In contrast to migraine and tension-type headache, psychological assessments of patients with cluster headache have been conducted to a very limited extent. Already in the earlier headache literature, the patient with cluster headache is characterized by a dissonance between the roughly structured physical stature and the great psychological insecurity :

Coarse facial structure with large acreas, deeply modulated facial structures, thick orange peel-like skin, coarse bone structures, broad shoulders and chunky extremities:. This “hypermasculine stature” is counteracted by psychological insecurity and anxiety.

According to headache pioneer Graham, the typical cluster headache patient comes accompanied by his wife . He should dependent and in need of support . Graham described this dissonance between physical stature and psychological characterization as the “ lion-mouse syndrome .” However, such a characterization was far from experimentally confirmed , but it does reflect the clinical impression of the time.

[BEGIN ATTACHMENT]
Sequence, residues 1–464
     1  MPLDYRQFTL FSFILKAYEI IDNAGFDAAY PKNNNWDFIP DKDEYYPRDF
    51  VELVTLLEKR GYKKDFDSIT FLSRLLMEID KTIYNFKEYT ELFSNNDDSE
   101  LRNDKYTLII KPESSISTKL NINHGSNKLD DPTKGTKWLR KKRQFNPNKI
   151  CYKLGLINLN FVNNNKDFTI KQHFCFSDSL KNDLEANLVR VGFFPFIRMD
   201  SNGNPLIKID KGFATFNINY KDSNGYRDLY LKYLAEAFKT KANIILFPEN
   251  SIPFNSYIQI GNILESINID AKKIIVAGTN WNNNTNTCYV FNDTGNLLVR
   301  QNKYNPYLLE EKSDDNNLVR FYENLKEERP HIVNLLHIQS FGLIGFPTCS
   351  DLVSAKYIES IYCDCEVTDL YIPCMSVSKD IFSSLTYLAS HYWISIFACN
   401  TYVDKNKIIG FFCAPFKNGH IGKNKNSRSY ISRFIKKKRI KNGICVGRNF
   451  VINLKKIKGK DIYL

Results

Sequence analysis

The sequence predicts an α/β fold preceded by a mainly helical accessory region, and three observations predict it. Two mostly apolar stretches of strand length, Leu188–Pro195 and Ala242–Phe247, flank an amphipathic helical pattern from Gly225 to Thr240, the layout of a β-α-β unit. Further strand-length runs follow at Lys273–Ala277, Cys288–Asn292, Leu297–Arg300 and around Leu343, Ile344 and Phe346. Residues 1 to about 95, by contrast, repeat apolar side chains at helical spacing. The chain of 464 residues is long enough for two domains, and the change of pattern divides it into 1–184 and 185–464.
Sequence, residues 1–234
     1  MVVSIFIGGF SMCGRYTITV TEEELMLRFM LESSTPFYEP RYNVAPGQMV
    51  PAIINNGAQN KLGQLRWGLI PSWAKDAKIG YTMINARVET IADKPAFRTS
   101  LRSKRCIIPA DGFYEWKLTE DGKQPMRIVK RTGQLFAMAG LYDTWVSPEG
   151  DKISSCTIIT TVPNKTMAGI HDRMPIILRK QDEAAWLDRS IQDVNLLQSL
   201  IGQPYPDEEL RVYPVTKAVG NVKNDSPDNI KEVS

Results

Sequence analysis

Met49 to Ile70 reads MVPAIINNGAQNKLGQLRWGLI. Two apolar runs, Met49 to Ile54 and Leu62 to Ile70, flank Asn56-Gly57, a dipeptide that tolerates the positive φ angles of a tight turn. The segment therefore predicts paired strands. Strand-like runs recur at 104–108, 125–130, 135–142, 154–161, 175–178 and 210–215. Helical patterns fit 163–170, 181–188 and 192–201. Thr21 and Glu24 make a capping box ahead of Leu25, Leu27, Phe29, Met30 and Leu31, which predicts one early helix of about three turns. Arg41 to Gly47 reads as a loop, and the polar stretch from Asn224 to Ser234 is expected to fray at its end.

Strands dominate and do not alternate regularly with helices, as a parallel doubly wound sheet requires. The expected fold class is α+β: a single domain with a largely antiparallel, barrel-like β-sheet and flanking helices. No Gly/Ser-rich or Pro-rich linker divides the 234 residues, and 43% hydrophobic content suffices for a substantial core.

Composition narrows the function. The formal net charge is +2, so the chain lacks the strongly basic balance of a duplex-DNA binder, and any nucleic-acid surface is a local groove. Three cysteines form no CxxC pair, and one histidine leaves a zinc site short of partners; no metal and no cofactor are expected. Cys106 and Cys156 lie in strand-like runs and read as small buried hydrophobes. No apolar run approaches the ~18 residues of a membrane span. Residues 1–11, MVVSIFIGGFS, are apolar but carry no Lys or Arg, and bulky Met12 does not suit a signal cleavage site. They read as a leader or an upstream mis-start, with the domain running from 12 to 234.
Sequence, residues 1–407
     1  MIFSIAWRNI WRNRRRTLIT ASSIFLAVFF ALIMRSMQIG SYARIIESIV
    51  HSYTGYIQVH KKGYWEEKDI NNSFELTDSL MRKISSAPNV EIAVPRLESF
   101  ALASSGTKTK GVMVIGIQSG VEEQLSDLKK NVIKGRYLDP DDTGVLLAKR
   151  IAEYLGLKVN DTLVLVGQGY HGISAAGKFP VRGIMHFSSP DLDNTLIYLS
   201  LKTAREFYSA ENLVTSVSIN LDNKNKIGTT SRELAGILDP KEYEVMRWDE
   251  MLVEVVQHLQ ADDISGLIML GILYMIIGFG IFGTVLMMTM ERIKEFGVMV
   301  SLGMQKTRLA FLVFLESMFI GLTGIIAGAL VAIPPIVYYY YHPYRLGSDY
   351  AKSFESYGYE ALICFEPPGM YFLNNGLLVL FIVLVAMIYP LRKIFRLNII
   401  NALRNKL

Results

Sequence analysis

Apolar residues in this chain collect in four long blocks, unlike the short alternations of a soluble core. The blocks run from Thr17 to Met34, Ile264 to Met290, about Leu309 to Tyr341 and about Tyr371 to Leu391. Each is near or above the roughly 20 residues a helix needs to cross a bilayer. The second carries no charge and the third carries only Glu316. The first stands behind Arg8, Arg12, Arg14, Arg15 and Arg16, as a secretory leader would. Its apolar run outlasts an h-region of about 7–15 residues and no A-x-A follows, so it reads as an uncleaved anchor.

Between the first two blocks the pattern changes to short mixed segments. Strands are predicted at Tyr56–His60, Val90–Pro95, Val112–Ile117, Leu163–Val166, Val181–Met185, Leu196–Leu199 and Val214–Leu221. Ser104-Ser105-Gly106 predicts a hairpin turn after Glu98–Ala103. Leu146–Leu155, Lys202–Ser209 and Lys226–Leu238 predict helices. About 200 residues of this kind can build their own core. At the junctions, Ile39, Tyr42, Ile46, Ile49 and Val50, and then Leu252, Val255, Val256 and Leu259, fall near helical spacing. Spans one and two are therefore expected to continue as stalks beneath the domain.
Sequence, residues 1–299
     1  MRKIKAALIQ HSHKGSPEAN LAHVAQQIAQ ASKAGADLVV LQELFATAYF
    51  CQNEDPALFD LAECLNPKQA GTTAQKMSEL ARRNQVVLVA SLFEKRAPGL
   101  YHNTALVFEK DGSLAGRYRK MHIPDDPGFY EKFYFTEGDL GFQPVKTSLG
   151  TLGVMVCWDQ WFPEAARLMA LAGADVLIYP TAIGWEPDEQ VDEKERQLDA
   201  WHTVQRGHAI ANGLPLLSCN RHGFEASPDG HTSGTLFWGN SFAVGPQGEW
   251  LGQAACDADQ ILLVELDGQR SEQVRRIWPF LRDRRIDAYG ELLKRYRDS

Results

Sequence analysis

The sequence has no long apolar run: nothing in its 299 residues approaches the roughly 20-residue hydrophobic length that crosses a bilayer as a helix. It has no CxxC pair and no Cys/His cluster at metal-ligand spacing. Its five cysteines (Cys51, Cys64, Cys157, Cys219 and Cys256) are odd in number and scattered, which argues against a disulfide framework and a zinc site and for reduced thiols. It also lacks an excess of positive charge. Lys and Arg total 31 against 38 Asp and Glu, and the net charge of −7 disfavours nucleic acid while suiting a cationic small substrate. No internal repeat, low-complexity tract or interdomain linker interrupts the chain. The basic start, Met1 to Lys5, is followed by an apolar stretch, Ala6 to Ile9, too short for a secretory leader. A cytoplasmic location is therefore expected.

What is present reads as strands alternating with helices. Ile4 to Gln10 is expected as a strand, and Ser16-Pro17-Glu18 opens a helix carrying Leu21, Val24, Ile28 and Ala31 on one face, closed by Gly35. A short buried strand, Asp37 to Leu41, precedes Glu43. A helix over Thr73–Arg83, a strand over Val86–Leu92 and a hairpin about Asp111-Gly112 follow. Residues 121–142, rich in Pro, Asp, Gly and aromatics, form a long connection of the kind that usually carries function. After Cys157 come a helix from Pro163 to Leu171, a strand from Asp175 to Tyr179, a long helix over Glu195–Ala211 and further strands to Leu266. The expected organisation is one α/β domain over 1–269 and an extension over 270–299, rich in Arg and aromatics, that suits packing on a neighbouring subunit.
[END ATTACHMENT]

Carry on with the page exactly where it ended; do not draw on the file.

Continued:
It was only in later years that standardized personality tests carried out on cluster headache patients. There were tendencies towards increased conscientiousness , complacency , increased need for control and tension . The Minnesota Multiphasic Personality Inventory ( MMPI ) found a tendency toward increased hypochondria and hysteria . not meaningful for methodological reasons . Overall, the current data does not allow any conclusions to be drawn regarding a specific personality profile in cluster headache patients. Restraint must also be exercised when dealing with the lion-mouse syndrome. The unpredictability and severity of the pain leave patients extremely disabled. Many people don't know when the next attack will occur. It would be extremely unusual if these patients had completely normal experiences and behavior